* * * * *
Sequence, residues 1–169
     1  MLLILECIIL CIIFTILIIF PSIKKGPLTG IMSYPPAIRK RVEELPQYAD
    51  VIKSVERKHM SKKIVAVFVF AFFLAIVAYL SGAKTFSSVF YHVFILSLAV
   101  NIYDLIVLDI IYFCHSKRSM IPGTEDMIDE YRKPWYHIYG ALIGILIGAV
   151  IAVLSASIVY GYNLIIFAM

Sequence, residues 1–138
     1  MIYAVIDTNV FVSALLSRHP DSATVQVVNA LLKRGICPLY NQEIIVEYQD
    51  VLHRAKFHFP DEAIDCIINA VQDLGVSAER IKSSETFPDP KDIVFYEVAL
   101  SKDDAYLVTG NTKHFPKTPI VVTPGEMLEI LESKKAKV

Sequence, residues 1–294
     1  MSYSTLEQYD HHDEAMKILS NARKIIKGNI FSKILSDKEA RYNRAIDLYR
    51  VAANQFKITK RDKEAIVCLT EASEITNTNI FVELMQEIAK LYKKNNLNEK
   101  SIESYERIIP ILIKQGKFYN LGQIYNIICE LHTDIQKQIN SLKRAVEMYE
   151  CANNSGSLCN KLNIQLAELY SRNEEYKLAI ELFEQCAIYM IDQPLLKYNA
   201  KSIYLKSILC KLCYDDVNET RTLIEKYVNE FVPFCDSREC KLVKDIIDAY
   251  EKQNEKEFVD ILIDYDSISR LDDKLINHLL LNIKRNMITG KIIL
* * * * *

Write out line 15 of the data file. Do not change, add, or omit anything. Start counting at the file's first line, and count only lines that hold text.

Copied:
   201  KSIYLKSILC KLCYDDVNET RTLIEKYVNE FVPFCDSREC KLVKDIIDAY